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Ranchers blame exploding shell for grass fire that killed 160 head of cattle

Jackie Irwin, Postmedia Network

Some of the 160 head of cattle killed at a community ranch in Bindloss, Alta., when a grass fire swept through the area Monday night. (SUPPLIED PHOTO)

Some of the 160 head of cattle killed at a community ranch in Bindloss, Alta., when a grass fire swept through the area Monday night. (SUPPLIED PHOTO)

BINDLOSS, Alta. — When the residents of Bindloss wake up in the morning, they often don’t take in the rising sun.

Instead they turn their attention to the south, towards The Block — other Albertans know it as Canadian Forces Base Suffield — to see if there’s smoke.

“We live on pins and needles every time we see smoke,” said Jenner fire Chief Jeff Lewandoski.

Their fears turned into reality late Monday when fire scorched ranchers' land near the base, leading to the loss of property, the death of 160 cattle and a mass evacuation.

"Things have got to change. Somebody is going to die," said Bindloss Mayor Daryl Swenson at a community meeting Thursday, held in response to the blaze, attended by residents and local politicians.

The community called CFB Suffield a regular source of fire and area residents said they are fed up with the situation.

“I want to get the military to be responsible for their actions," said Swenson.

The military said Wednesday it is investigating whether soldiers in training, who disposed of an unexploded artillery shell by blowing it up, sparked the grass fire.

Maj. Hugh Atwell, acting commander of the base, said a fire crew was there as a precaution, but the explosion and gusty winds caused flames to spread quickly in the dry grass.

Atwell said it is not clear if the explosion caused the fire outside the base.

“At this time I cannot conclusively say that that fire was the result of the fire that started on base,” Atwell said Wednesday.

But locals bitterly dispute the military's version of events.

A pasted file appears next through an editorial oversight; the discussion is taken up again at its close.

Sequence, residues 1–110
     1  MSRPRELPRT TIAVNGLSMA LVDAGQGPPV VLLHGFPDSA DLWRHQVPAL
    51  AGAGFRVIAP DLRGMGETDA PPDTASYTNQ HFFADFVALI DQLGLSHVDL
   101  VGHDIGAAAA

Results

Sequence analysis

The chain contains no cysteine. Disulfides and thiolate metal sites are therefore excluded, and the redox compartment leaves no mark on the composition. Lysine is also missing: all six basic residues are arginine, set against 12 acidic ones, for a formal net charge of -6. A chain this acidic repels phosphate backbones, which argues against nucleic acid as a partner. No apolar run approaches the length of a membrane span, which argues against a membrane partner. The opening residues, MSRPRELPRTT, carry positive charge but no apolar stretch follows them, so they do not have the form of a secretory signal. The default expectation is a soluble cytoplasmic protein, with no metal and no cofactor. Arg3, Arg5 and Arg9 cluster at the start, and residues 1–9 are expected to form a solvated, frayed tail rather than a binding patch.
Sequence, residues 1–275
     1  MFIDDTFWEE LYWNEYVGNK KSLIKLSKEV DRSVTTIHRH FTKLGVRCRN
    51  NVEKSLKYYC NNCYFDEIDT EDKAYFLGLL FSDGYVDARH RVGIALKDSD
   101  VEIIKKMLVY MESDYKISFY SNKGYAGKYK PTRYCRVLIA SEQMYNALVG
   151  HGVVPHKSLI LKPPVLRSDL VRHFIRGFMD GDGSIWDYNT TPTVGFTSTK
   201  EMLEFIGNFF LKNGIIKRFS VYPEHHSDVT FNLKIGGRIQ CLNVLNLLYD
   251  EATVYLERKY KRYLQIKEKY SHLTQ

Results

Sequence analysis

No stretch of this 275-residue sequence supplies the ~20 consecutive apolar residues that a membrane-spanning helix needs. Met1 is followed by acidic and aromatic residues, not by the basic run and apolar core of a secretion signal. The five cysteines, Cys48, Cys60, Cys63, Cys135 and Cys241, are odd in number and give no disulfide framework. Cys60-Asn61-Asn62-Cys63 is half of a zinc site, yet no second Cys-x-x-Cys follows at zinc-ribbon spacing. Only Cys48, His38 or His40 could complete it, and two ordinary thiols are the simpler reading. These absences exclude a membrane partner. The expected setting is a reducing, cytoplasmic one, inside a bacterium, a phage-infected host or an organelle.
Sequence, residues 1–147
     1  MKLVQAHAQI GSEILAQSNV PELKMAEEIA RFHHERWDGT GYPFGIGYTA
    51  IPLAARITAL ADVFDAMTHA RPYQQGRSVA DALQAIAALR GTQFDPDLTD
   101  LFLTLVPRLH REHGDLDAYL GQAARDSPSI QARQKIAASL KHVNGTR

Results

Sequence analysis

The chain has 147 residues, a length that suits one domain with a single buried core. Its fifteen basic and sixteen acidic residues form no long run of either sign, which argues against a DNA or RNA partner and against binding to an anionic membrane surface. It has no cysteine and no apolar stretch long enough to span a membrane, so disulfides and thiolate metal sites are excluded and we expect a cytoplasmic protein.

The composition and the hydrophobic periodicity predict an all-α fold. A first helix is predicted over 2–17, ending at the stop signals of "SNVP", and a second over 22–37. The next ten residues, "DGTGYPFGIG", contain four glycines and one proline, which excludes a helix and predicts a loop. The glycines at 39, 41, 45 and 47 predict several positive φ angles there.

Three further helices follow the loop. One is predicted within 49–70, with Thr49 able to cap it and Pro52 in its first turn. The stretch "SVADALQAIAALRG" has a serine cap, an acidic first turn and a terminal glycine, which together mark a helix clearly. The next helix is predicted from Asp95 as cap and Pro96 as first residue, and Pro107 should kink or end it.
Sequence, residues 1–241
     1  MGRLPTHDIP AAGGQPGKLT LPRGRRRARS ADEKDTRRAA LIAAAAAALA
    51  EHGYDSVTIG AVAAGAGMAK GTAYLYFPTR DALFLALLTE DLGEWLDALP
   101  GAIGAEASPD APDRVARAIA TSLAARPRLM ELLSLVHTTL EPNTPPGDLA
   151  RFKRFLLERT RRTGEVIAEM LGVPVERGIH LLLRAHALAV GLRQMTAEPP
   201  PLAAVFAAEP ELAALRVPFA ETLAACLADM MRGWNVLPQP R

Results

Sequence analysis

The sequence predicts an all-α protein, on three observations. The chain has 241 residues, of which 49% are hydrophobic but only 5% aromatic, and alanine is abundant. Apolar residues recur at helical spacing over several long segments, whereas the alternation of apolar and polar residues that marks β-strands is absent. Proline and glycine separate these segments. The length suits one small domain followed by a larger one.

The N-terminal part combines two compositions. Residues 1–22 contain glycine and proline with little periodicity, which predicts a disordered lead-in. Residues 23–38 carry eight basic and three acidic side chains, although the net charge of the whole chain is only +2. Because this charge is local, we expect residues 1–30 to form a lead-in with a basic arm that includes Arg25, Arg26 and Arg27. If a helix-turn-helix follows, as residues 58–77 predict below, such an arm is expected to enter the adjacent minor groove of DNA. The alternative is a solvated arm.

“I was first on scene,” said Buffalo fire Chief Pat Kukura.

He said he watched the fire come closer and closer from the base perimeter, but his crews are not allowed to enter the area.

Laurel Schlaht said it will take years for the farm she owns with her husband to recover from Monday's blaze.

“We lost six quarter-acres of winter fields,” she said. “It will take a minimum of three to five years to restore the grasslands. This is the backbone to our operations.”

For some who live in the evacuated area, concerns were not just for the here and now but for future generations.

Laurie Campbell questioned whether her children would want to take over the family farm if they had to constantly live in fear of losing their livelihood.

“I had to wake up my kids at midnight and go through the house to decide what to bring,” Campbell recalled.

She said while her nine-year-old was busy searching for a favourite toy, her five-year-old was worried if their dad would make it out of the fire alive.

“We’re scared,” said Campbell. “Imagine how our children feel.”

Jack Stelter said the issue of fires coming from the base is a problem they’ve been battling for years.

“They tell us they want to be our friends and our neighbours.”

“They’re not really good friends … and they’re bad neighbours,” Stelter said.

Ivan Schlaht, who lost the most cattle in the fire, said while he didn’t take any photos of the animals, others did for insurance purposes.

“It’s the goriest thing I’ve ever seen,” he said of walking the fields where his animals died.

“I don’t wish that on anyone.”

— With files from The Canadian Press

jirwin@postmedia.com